Seeing a bit of a pattern here… its a globally competitive world and there’s a plethora of freelancers and agency staff who are prepared to reinvest in themselves ‘out of hours’ in their spare-time.
    e.g. Nick “And we must make these experiments in our own time and on our own sites before we toy with our clients’ ones, or attempt to bill them for our uncertainty.”
    and Rob : “ommercialisation will force the adoption of these technologies, so the best way to beat the rush it to do it first! ”
    Sam you sound like the King of the land of the fattened goose; if your developers aren’t all living and breathing digital and confident of their delivery of it, time to get them in shape.

    • Average Digital Dude on February 23, 2011 at 12:23 pm said:

      I should add I think your five points to consider are totally valid, but then I disagree with the the “commercially viable” bread sandwiching this thoughtful filling.

  3. Good article. I never really thought about the financial aspect too much.

    At least with some of HTML5 and CSS3, there really isn’t much of a risk to you or the client. The developer/designer/agency can start as small as changing the doctype to HTML5. And, I don’t really see the harm in using the new elements like , , and , as long as you use something like the HTML5 shiv.

    Well, that’s just my opinion anyway. Should businesses take current websites and completely re-design for HTML5 and CSS3? Probably not, at least not right now, but there’s no harm in starting small.

    I think the web world needs to embrace these new (and awesome) technologies and show clients that, when used appropriately, they can enhance the user experience.

    And for the user who doesn’t see the rounded corners from CSS3 because of their browser, is it really the end of the world and a loss of investment in time and money?

    Good article 🙂

  4. I don’t want to come off sounding like a bot, but fantastic article. Once a month I find something on ThinkVitamin that addresses an issue I am faced with with more experience and thought than I am capable of giving it, and this month Sam’s is that article.

  5. Commercialisation will force the adoption of these technologies, so the best way to beat the rush it to do it first! Just my thoughts,

  6. The web designer’s creed: ‘I will build websites that work for the biggest audience using the best techniques.’ There’s a reason I list ‘best techniques’ last in my list; it’s because clients care much more about their website and audience than they do about technique.

    So I think Andy’s approach is right for the vast majority of projects: divulging technical details does clients a disservice unless they actively enquire about them. Clients care little about the quid pro quos of various web technologies. If there are weaknesses in those technologies, then it’s up to us to assess whether or not they’re fit for purpose. It’s our job to inform when required, but it’s not our job to offload what are often technical decisions that take years of Web experience to action. We should be confident enough in our abilities to put forward one solution and not two or three.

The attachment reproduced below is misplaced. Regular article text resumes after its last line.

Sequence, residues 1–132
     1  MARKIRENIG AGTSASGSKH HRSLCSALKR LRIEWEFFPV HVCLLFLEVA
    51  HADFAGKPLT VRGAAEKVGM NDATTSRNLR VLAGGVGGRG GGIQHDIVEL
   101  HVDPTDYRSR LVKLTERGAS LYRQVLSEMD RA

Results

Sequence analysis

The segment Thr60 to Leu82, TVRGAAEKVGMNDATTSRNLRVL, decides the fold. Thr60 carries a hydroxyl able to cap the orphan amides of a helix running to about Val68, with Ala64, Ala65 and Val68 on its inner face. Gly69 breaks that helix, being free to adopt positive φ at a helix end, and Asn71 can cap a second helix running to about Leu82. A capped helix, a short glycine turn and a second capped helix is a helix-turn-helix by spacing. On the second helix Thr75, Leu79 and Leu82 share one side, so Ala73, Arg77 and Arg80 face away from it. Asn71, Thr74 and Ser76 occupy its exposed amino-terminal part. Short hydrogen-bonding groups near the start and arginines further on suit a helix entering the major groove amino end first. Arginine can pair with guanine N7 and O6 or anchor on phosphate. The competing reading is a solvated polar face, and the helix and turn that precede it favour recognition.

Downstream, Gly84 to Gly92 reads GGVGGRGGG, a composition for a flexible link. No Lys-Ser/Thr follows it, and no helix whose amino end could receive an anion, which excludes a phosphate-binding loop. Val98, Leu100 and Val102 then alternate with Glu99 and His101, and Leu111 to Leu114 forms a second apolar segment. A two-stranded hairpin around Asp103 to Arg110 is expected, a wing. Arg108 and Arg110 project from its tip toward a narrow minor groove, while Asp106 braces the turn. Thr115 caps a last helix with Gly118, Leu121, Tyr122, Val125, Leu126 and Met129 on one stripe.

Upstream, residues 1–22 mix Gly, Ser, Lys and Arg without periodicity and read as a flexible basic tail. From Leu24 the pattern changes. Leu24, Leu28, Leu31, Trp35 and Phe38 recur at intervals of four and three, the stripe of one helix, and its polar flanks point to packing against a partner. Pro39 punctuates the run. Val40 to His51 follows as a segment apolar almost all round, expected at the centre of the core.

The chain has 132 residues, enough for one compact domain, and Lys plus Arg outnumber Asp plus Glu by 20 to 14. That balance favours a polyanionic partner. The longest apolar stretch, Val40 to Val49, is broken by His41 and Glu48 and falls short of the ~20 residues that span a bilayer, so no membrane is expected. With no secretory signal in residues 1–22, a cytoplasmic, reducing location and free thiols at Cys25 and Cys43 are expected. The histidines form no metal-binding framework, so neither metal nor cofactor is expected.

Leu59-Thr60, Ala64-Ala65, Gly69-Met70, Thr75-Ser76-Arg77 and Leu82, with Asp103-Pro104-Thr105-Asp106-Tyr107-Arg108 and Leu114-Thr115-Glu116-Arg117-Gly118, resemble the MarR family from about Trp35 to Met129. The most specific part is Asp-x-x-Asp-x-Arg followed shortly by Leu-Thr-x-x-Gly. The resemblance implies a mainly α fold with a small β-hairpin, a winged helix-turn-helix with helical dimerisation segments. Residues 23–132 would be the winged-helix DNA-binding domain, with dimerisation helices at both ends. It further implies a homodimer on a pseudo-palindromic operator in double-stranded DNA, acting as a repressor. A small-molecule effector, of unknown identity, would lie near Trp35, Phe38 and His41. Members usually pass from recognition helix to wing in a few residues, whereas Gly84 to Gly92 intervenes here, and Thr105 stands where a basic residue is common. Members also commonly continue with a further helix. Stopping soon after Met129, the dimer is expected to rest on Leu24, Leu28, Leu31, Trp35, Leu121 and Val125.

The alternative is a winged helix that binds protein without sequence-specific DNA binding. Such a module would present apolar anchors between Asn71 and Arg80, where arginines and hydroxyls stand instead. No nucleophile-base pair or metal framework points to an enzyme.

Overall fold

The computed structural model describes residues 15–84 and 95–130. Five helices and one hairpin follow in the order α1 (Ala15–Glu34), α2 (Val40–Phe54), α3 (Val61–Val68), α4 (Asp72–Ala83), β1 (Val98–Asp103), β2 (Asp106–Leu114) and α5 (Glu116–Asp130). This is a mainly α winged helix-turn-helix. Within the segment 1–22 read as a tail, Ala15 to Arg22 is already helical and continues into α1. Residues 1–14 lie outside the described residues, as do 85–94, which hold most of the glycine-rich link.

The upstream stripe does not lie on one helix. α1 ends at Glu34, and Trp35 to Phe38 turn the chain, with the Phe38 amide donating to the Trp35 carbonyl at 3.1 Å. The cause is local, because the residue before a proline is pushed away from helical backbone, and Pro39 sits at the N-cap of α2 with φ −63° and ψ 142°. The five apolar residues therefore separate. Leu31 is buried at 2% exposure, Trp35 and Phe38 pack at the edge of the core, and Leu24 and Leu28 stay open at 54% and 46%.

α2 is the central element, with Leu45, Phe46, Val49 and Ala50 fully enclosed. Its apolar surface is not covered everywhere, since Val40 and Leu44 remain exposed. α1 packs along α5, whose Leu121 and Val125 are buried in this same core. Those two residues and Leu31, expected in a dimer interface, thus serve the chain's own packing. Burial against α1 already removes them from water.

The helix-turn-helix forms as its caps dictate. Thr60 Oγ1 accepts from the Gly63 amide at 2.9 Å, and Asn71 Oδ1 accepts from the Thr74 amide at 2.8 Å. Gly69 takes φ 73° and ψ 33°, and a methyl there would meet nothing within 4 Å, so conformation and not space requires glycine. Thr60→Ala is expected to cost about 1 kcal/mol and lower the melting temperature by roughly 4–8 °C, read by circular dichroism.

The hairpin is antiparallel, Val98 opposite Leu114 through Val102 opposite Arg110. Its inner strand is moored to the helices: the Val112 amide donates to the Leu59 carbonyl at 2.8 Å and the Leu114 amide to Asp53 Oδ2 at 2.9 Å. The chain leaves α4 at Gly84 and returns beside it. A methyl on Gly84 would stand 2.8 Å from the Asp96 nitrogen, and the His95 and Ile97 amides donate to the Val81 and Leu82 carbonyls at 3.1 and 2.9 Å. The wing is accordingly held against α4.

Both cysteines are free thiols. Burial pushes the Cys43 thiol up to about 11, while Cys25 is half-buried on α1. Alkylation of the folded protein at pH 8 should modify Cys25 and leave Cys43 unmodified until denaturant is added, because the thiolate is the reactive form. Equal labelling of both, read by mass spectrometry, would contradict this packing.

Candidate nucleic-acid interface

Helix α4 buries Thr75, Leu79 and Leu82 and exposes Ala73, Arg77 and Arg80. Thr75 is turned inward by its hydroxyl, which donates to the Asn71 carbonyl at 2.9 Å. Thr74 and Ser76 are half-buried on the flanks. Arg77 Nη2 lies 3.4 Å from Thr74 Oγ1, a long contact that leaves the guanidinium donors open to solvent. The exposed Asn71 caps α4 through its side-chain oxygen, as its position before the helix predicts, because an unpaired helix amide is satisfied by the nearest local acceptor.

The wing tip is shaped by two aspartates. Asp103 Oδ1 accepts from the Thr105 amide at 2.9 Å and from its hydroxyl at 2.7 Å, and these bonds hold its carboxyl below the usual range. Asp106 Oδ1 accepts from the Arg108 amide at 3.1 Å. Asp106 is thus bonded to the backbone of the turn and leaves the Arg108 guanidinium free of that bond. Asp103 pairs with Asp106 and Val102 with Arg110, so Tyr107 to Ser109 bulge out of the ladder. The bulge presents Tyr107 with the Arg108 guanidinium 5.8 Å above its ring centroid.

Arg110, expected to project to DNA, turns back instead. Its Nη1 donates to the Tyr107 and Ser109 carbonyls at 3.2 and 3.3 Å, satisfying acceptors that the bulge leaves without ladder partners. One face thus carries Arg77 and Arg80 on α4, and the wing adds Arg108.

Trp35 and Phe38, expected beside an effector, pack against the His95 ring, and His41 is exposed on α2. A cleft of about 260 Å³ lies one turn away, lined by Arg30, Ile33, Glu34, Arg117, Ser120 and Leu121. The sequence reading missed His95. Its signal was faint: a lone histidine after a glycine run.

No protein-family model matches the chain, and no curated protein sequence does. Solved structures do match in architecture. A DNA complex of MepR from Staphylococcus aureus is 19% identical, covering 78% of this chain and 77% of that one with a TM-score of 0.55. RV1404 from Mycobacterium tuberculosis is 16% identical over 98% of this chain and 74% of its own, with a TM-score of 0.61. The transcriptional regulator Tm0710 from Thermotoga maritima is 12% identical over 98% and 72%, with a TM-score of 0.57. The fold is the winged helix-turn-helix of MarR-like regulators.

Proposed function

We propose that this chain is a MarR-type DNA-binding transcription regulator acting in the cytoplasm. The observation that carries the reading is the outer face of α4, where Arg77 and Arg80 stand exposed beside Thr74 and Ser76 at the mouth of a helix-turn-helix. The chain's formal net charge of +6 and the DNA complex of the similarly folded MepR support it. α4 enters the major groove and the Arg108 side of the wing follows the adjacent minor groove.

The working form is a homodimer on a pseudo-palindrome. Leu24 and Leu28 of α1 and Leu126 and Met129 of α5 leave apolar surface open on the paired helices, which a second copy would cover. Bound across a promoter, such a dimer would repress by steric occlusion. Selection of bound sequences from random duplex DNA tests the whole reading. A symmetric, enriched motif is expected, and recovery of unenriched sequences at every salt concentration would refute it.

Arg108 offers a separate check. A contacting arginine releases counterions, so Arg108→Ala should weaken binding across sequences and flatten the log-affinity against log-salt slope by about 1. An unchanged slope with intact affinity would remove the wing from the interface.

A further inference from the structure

It is a mistake to present things like HTML5, CSS3, and progressive enhancement as ‘the new, slightly scary, untested way’ of building ‘enhanced’ websites and to split test these with the ‘old way’ of building websites, in my opinion. All websites should be ‘enhanced’, because to offer anything else is to do our clients a disservice. What’s more, presenting any solution in which the ‘old way’ might win is a step backwards for all. For new Web technologies to flourish, we must find our own ways of making them perform better — or sometimes simply to look better. And we must make these experiments in our own time and on our own sites before we toy with our clients’ ones, or attempt to bill them for our uncertainty.

    Remember when people used to list ‘adherence to Web Standards’ and ‘valid markup’ as if they were talking points or competitive advantages? Good web designers don’t do that now. It’s because three things — building accessible websites, writing valid code, and coming to our own conclusions about new technologies so that we may spare our clients the same torment — are all part of the job.

    • Hey Nick, you pretty much list most of the counterpoints I expected to this post and I understand the approaches you’re talking about, but in my experience clients do care about the fine details of the project, especially when when they get reports the site or app doesnt look the same across the board.

      I’m not saying you should ‘sell’ HTML5 or CSS3 in detail, or that you should make the way of design and building sites open to the client, but more as you say, that you need to explain this / educate the client accordingly so they fully understand – not keep it from them and then have to explain why you did what you did the way you did after launch – believe it or not just citing “best practice” and “trust me” doesn’t always cut it after the fact.

      I actually agree with all your other points though and think you really neatly present how to think about / communication building sites from a modern standpoint.

      Of course developing these new skills in your own time is an option, but I do still believe this is approach is more realistic for freelancers rather than agencies, and that currently using the ‘new’ way over the ‘old’ takes more time and that this just cannot be overlooked as a challenge to business owners where every hour counts with regards to the initial sale, ongoing project budget and cashflow.

    • great comment. i suppose you are good in this topic and with this subject, aren’t you?